Also I think in the beginning it will sound a little bit darker. At first it might sound not as expressive and not too bright. But if you listen a few minutes you’ll hear the single phrases much more clearly than with a modern orchestra. You don’t have a big melodic line -- there’s more phrasing, more motifs. It’s more of a speaking sound.
How many cities will be graced with this performance?
Martin Haselböck: Altogether we’re playing it 14 times on this tour, starting with two in Mexico City, then in L.A., after that in Savannah and then New York City. Then we’re in nine major concert halls in Europe.
Same performers at all?
Martin Haselböck: Same soloists, same orchestras. The only thing changing are the choruses -- I’m using three different choruses. In Savannah we’re using the Pacific Chorale from L.A.
I’m intrigued by your hobby of finding undiscovered musical works and bringing them to life onstage.
Martin Haselböck: It’s fascinating to live in a city like Vienna, where in libraries throughout the city there are literally hundreds of baroque operas and oratories waiting to be discovered. The thing to remember is if you see a score in earlier times, there was as much bad music then as in modern times. If you find a score you still have to say, “This is good, this is bad.” To be a detective is one thing, but to distinguish between good and bad pieces is another thing.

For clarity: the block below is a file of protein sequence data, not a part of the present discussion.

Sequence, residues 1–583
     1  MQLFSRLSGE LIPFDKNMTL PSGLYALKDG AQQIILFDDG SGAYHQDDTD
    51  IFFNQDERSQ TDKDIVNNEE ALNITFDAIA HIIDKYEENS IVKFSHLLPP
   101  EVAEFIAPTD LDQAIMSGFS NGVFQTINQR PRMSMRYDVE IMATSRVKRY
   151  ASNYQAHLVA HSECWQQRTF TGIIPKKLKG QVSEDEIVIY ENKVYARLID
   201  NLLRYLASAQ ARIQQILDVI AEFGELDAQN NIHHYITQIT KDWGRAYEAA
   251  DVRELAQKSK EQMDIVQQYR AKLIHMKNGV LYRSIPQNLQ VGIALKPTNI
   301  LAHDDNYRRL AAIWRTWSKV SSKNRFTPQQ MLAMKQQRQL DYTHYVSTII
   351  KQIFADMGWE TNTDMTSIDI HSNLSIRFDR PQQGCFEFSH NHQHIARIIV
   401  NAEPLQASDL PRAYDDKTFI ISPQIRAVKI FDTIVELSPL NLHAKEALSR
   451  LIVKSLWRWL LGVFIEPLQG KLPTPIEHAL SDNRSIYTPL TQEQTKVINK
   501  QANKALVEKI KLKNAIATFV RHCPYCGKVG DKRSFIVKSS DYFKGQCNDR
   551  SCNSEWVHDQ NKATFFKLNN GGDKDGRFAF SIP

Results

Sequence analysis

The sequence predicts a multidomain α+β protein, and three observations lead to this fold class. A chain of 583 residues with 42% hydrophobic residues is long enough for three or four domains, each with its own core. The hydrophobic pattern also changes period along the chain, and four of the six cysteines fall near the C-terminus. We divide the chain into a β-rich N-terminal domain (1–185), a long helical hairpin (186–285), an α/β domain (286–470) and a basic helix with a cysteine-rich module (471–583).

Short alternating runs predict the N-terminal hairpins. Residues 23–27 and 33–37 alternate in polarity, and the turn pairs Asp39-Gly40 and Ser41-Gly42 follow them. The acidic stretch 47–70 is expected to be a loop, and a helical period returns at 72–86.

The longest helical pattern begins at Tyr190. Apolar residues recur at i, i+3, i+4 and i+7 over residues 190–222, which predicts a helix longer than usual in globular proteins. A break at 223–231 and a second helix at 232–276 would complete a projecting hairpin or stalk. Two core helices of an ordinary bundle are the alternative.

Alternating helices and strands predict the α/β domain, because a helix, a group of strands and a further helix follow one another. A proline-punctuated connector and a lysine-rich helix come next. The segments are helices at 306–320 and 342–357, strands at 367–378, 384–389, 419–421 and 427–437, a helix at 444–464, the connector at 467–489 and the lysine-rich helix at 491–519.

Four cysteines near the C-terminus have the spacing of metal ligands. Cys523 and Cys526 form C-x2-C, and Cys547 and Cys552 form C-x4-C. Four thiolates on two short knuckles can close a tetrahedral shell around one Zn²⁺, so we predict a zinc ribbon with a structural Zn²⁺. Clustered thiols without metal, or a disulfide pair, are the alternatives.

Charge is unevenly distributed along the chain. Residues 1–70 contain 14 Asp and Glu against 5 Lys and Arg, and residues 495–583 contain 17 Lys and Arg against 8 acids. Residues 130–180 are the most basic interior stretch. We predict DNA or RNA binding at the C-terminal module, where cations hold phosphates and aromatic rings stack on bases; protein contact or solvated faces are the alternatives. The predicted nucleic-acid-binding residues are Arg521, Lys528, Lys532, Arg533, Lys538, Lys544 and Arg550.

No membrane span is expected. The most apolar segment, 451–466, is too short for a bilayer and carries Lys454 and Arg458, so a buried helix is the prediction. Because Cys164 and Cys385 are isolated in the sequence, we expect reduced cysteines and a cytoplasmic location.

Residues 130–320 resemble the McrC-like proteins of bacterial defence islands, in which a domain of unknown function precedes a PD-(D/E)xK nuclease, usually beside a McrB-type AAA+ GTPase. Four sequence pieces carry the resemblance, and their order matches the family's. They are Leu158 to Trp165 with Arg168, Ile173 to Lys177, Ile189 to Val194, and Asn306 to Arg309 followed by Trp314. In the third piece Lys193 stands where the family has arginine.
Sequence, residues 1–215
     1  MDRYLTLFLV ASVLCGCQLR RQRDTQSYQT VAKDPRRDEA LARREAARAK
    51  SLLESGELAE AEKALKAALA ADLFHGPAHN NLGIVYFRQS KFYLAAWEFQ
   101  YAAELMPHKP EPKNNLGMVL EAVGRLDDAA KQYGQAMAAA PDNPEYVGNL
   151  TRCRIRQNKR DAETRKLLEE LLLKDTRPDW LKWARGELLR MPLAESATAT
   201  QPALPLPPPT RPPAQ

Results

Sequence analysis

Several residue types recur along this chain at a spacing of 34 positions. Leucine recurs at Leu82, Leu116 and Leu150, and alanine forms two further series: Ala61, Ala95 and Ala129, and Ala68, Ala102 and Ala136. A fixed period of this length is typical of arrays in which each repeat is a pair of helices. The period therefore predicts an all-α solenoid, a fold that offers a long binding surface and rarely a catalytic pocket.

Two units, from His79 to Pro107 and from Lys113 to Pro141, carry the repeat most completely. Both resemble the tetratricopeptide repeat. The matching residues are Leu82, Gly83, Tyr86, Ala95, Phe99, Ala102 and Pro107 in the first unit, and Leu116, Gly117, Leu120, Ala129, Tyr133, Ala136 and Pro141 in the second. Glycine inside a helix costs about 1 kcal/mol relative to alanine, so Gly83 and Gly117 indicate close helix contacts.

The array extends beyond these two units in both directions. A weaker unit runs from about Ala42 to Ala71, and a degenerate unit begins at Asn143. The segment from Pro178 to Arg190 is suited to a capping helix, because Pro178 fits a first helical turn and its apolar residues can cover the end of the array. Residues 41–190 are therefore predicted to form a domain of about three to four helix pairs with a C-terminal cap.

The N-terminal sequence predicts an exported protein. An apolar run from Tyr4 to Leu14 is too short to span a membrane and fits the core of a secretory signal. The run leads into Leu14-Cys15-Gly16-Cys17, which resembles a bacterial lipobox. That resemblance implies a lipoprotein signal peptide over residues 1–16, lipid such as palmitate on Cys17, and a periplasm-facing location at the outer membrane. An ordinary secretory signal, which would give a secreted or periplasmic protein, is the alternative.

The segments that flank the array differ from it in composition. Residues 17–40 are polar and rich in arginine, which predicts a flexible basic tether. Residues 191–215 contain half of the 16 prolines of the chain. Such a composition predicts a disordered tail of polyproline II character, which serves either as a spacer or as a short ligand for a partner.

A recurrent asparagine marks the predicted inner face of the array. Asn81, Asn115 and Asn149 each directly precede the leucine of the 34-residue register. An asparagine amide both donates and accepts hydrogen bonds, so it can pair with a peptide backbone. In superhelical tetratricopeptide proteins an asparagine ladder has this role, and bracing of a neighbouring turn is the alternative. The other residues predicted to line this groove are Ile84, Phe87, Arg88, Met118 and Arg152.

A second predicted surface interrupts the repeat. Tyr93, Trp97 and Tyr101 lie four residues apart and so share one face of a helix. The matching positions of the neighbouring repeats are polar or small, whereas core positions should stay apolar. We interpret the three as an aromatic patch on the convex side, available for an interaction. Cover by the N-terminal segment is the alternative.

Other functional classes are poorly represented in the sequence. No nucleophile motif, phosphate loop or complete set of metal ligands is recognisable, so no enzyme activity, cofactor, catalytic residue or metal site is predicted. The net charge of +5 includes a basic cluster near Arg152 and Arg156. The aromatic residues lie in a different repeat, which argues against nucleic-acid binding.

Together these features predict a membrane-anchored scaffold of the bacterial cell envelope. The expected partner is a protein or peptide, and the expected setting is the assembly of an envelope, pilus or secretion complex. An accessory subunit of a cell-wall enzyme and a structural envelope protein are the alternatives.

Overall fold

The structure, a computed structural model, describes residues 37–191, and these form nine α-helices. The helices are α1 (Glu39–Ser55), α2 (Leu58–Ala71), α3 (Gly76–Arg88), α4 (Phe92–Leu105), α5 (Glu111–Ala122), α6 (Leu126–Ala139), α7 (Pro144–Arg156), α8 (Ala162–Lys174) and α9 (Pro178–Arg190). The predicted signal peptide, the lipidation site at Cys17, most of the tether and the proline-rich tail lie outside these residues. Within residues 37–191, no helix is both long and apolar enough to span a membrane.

There was a big find in a library in Kiev recently, and suddenly you had about 1200 wonderful new pieces. But if you get closer you discover of those 1200 pieces only maybe 100-150 are of first quality. But that’s a lot, too.
Some libraries are better for us. For example, if you have a library where a king ordered his people, “Don’t give away my music, I want it never to be played anywhere else.” Well, that means all these pieces are brand-new discoveries today.
For me the score is the bible for a composer. Even for pieces that are performed quite often, I try not to hear it performed by others. I try to be fresh and look at only the score. If you hear a piece too often you’re not as free in your interpretation.
Bach’s St. Matthew Passion is performed at 7 p.m. Thursday, March 22 at the Lucas Theatre. For tix and info go to www.savannahmusicfestival.org